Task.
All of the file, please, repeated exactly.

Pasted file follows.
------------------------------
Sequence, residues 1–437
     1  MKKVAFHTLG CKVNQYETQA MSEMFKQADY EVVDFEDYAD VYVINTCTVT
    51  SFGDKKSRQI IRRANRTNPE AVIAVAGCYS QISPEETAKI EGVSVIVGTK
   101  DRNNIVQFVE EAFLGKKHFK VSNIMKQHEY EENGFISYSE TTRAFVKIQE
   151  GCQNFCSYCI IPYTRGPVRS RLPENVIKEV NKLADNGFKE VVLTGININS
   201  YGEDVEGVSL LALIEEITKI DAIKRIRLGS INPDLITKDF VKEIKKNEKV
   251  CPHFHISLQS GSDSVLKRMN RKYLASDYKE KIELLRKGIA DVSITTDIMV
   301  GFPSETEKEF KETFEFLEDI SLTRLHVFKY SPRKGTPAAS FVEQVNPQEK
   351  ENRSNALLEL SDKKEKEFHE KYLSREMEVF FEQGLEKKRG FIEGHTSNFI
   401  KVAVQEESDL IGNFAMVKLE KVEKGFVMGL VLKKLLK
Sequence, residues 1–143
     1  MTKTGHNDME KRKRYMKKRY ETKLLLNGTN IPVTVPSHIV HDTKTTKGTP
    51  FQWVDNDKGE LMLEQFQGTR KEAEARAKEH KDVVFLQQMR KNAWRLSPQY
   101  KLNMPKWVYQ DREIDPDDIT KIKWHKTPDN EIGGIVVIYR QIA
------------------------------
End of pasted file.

Sequence, residues 1–437
     1  MKKVAFHTLG CKVNQYETQA MSEMFKQADY EVVDFEDYAD VYVINTCTVT
    51  SFGDKKSRQI IRRANRTNPE AVIAVAGCYS QISPEETAKI EGVSVIVGTK
   101  DRNNIVQFVE EAFLGKKHFK VSNIMKQHEY EENGFISYSE TTRAFVKIQE
   151  GCQNFCSYCI IPYTRGPVRS RLPENVIKEV NKLADNGFKE VVLTGININS
   201  YGEDVEGVSL LALIEEITKI DAIKRIRLGS INPDLITKDF VKEIKKNEKV
   251  CPHFHISLQS GSDSVLKRMN RKYLASDYKE KIELLRKGIA DVSITTDIMV
   301  GFPSETEKEF KETFEFLEDI SLTRLHVFKY SPRKGTPAAS FVEQVNPQEK
   351  ENRSNALLEL SDKKEKEFHE KYLSREMEVF FEQGLEKKRG FIEGHTSNFI
   401  KVAVQEESDL IGNFAMVKLE KVEKGFVMGL VLKKLLK
Sequence, residues 1–143
     1  MTKTGHNDME KRKRYMKKRY ETKLLLNGTN IPVTVPSHIV HDTKTTKGTP
    51  FQWVDNDKGE LMLEQFQGTR KEAEARAKEH KDVVFLQQMR KNAWRLSPQY
   101  KLNMPKWVYQ DREIDPDDIT KIKWHKTPDN EIGGIVVIYR QIA